TAMARACK, Idaho (AP) | A Nampa man spent the night inside a snow cave after he skied out of bounds of Tamarack Resort and became lost.
KIVI-TV reports that the Valley County Sheriff's Office received a call about an overdue skier on Sunday. Search and rescue officials found t32-year-old Sean Stevenson Monday.
Stevenson told officials he became disoriented and went out of bonds of the resort. Once he realized he was lost, he dug a snow cave for shelter.
Stevenson was treated for dehydration and minor exposure related issues.
CALDWELL (AP)• They came by the hundreds.
When College of Idaho founding president William Judson Boone said, “Let them come, let them all come, and we will see what they can do,” he could only hope hundreds of students would attend his institution for higher education for 125 years.
And since 1891, when the institution was founded, they have.
Nick Kytle is a junior at College of Idaho studying engineering. Kytle initially was attracted to C of I for the football program, in its second year of being reinstated, but soon found he was attracted more to academics.
“The institution itself, with the PEAK program, evolves the mind of the student athlete,” Kytle said. “It keeps the mind running.”
In its 125 years, according to officials, one of the College of Idaho’s proudest achievements is launching the PEAK curriculum, which stands for a Professional, Ethical, Articulate and Knowledgeable education. Students major in at least one while minoring in three of the following areas: humanities and fine arts, social science and history, natural science and mathematics and professional studies and enhancements.
Also in that time frame of 125 years, the college has weathered world wars, economic crises and decreased demand for a liberal arts education.
When asked why the College of Idaho has survived, former president Marvin Henberg, who was president from 2009 to 2015, emphasized the quality of a liberal arts education and the generosity of donors, particularly the Albertsons family.
“There is a special feeling in the state as a whole ... I certainly felt that when I was president,” Henberg said. “I could go to northern Idaho, I could go to eastern Idaho, and I’d run into people who were proud of the College of Idaho and were proud of it because it is singular and unique. I think if there had been two or three liberal arts colleges in the state and the pride was diffused a bit, I think the college might not have survived.”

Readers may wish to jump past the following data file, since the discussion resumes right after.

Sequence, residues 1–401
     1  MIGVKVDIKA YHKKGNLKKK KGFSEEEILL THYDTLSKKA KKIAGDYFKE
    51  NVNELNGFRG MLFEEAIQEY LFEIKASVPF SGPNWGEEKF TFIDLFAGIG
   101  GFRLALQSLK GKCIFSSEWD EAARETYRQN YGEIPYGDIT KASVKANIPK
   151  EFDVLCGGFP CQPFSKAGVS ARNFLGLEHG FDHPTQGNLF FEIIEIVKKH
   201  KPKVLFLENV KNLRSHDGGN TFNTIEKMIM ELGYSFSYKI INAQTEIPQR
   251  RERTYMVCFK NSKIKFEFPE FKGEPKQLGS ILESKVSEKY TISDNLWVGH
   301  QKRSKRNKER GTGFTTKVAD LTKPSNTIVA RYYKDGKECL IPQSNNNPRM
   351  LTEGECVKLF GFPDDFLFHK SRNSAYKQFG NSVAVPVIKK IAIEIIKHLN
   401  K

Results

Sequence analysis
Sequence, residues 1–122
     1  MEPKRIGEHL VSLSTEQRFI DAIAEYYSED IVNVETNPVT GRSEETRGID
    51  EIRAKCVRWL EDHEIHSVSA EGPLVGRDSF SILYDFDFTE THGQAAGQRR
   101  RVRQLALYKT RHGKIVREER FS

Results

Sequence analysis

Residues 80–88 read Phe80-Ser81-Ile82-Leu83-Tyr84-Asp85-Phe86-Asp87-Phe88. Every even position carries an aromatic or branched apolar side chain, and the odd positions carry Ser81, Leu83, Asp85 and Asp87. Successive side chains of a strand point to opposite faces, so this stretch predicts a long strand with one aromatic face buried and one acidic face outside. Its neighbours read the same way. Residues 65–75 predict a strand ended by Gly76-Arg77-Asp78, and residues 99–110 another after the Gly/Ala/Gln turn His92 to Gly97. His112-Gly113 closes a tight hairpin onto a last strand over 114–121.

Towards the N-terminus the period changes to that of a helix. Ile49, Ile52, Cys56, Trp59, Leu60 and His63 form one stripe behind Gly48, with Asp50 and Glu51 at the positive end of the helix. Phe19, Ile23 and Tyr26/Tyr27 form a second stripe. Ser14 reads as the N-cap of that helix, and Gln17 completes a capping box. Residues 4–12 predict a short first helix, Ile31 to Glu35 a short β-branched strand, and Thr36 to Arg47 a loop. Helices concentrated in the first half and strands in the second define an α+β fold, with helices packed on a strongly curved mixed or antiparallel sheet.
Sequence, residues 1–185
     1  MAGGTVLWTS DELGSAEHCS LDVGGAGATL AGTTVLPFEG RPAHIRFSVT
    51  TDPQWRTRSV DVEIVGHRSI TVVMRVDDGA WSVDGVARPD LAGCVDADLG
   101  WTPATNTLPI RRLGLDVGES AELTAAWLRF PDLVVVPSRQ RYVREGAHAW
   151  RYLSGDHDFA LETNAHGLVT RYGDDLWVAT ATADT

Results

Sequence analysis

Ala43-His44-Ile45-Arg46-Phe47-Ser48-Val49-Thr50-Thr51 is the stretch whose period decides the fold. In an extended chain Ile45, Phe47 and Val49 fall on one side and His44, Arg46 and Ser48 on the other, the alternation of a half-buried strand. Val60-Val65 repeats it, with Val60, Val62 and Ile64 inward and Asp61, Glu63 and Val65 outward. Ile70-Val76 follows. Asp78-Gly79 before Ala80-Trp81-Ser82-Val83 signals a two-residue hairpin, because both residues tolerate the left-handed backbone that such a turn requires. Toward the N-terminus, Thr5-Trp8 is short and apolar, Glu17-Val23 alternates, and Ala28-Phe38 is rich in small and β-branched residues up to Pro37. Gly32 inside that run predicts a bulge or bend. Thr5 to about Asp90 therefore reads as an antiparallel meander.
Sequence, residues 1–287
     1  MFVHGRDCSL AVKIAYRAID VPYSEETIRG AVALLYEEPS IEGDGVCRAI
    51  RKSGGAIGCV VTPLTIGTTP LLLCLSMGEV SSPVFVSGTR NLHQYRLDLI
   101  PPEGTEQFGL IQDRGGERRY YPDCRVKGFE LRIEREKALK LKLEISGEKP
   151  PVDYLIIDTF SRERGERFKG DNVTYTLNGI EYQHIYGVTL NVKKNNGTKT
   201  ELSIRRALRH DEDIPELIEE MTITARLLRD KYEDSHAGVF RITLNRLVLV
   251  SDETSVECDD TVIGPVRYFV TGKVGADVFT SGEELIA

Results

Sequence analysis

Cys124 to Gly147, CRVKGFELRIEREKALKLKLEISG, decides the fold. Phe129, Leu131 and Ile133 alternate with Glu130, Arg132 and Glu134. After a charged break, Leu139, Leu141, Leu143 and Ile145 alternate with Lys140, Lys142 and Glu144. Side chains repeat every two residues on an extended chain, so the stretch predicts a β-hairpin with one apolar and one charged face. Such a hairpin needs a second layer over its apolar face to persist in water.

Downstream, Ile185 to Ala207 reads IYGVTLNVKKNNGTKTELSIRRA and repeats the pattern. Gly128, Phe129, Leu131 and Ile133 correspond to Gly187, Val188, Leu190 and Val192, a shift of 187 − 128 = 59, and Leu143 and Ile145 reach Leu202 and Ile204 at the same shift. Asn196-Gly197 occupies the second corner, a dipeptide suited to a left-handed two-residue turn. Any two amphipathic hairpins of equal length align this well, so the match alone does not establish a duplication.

HISTORY REPEATS ITSELF
Lillian Potter and Minnie Reed arrived for their first day of classes Oct. 7, 1891, which would become the College of Idaho’s founding date. As described on the college’s 125th anniversary website, these two students timidly sat across from an array of instructors and at 2 p.m. began their studies with a reading from the fourth chapter of Proverbs. Later that year, 17 more students would attend the college, bringing the student body to 19. Now, more than 1,100 attend.
The College of Idaho is the oldest institution in Idaho, and is currently the only liberal arts college. Today, in an environment where demand for a liberal arts education has decreased while demand for science, technology, engineering and mathematics graduates has increased, Henberg believes the struggle for a liberal arts education to remain relevant is not over.
Henberg said there is a great misunderstanding that a liberal arts education is not practical and therefore has limited place in today’s workforce. Henberg argues that it is actually the most practical education. Current C of I president Charlotte Borst stands behind this ideology and the college’s mission to continue providing a liberal arts education.
Borst said she gets a bit upset when some “in the political world” argue “it’s all about job preparation.” Borst said her husband, an IT guy, validates that a technical education (for example, skills learned through STEM) prepares students for about three or four years of relevancy in the workforce. For Borst, the importance and relevancy of a liberal arts education lies in preparing students to be citizens who can think critically and actively seek truth in society.
“From our founding mothers and fathers, there was insistence that the liberal arts were a way to freedom,” Borst said. “If we think about what it means to be an American citizen, a lot of our choices, regardless of the political climate, and a lot of our beliefs, are based on the fact that we want an educated citizenry. We have to be able to read.
“We have to be able to write well. We have to be able to understand numeracy of some kind. (A liberal arts education is) also based on being a whole person ... that you can understand if you are outdoors what you are looking at; if you are in an art gallery you can begin to appreciate art.”